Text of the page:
(1962 - )
Bruce Gandy is one of the most natural and talented musicians, composers and competitors to enter the world piping scene in the last 50 years. As a player, he is “a piper’s piper” – a player whose gift for technique, rhythm, melody and poise even the best look up to.
When in top form on the competition platform he is formidable, and while the major Scottish prizes seemed to elude him for a long time, in recent years he has begun to gather them up, much to the satisfaction of his friends and competitors.
As a composer, his catalogue of superb tunes and collections of bagpipe music are large and still growing. Pipers are often surprised to learn that a tune they’ve heard for years and thought was in the traditional repertoire is actually a Bruce Gandy composition.
In short, he is one of Canada’s national piping treasures.
Below, Bruce tells the story of his own life so far:
I was born on August 10, 1962 in Victoria, British Columbia. I began to play the pipes in December of 1970 in Victoria, British Columbia. My first teacher was Hal Senyk, who took me through the first exercises and tunes. Hal moved to Scotland to play with the famous Muirhead and Sons Pipe Band and study under Robert G. Hardie for a period of just over a year. It was at this time that I began a long and wonderful relationship with James Troy. During the 10 plus years that I spent with James Troy, I was given a foundation of playing that would benefit an entire solo and band piping career.
I remember going over to Jamie’s House for dinner on a Tuesday night. I had started going to dinner so that I might get home earlier as my lessons seemed to be going on from 7 until after 10 p.m., which was getting late for a 12- or 13-year-old. I think this starting earlier worked for about 3 weeks, but soon I was getting home around 10:30 and even 11:00. We used to have so much fun (most of the time) that I didn’t even worry about the time until the next morning. It was not at all uncommon to have a lesson for 3 or 4 hours, it was great.
Also during this time, I spent many summers down in Couer D’ Alene, Idaho at the piping school studying under Bob Hardie and Andrew Wright. These summers, combined with regular instruction, helped to instill a lifelong love and understanding of Piobaireachd.
In 1982, I moved to Ontario to join the 78th Fraser Highlanders Pipe Band, and this was where I began to mature as a player. Playing in a band that was at the forefront of innovation was tremendous, and there was a great need for new music for the band to play. This inspired me very much and I began to be called upon to compose very particular elements of a medley. “He has a gift for writing what we need, at any particular time for the band whether it be a medley tune or a jig or a piece in a certain rhythm, he always came back next Sunday with our answer,” recalls Bill Livingstone.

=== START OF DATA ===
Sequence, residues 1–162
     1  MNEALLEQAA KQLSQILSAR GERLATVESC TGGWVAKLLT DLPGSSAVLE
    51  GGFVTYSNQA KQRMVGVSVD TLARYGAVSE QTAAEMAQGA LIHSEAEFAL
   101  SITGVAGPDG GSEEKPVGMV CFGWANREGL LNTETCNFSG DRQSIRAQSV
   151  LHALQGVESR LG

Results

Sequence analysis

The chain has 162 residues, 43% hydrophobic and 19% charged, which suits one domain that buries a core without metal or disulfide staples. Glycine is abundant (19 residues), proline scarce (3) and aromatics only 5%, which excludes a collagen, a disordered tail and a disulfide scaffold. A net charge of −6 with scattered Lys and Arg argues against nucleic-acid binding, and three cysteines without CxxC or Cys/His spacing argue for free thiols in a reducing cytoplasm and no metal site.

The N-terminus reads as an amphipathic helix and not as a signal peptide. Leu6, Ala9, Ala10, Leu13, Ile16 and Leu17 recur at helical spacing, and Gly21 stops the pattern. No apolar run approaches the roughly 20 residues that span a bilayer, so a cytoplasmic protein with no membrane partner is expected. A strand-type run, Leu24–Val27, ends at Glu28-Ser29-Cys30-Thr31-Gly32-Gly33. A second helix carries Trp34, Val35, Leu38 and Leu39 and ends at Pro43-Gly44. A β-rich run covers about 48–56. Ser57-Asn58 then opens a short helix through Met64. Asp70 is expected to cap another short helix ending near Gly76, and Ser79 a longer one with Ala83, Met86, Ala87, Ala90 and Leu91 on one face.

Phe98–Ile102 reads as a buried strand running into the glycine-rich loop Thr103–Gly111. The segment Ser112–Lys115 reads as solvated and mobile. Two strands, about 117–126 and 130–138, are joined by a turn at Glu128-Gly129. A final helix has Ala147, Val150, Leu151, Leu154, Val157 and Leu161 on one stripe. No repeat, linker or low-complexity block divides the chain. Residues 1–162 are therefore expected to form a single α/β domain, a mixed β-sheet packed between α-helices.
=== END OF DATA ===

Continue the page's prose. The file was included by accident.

I spent 15 wonderful years with the 78th, traveling to Scotland each year as well as a variety of venues to perform concerts. These concerts were very taxing both physically and mentally but the rewards always far outweighed the pain. Playing Live in Ireland before a packed house of 900 may possibly be the highlight of my piping career. A World Pipe Band Championship, three live recordings, 13 North American championships and many life-long friends – who could ask for anything more from their pipe band.
In 1997 I moved to Summerside, Prince Edward Island to take over as Piping Instructor at the College of Piping and Celtic Performing Arts. I worked there for three years, setting up individualized study programs where again I met some truly wonderful people, as well as teaching the students from the local area on a weekly basis. Part of the job was being Pipe Major of the College of Piping Pipe Band, which meant teaching all of the fundamentals of pipe band playing as well as choosing and arranging all of the music for the band. This led to more composing to try to give a lower grade band a fresh edge, which eventually led to my 3rd book of music being published. Having not played in a lower grade band as a youth, I feel that this was a great learning experience for me.
In 1998, after an eight-year absence from the Northern Meeting at Inverness, I returned to the world’s top competition and won the Competing Pipers Silver Medal, along with 2nd in the jig and hornpipe and 3rd in the Strathspey and Reel. I returned for the Gold Medal in 1999 and was fortunate enough to win both the March and Strathspey and Reel but got no prize in the Medal. Fortunately, the medals did come, however. I won the Inverness Gold Medal in 2003 and I was able to capture the Oban Gold Medal the following year. Following that, I also captured the Bratach Gorm (Blue Banner) at the London Contest, and I have been very honoured to compete in the Glenfiddich Championship.
What I’ve taken away from these experiences, apart from the honour of the prizes, is the joy of playing with great pipers, and having such a fellowship of friends from many parts of the world, who all pursue this music with such passion, dedication and skill.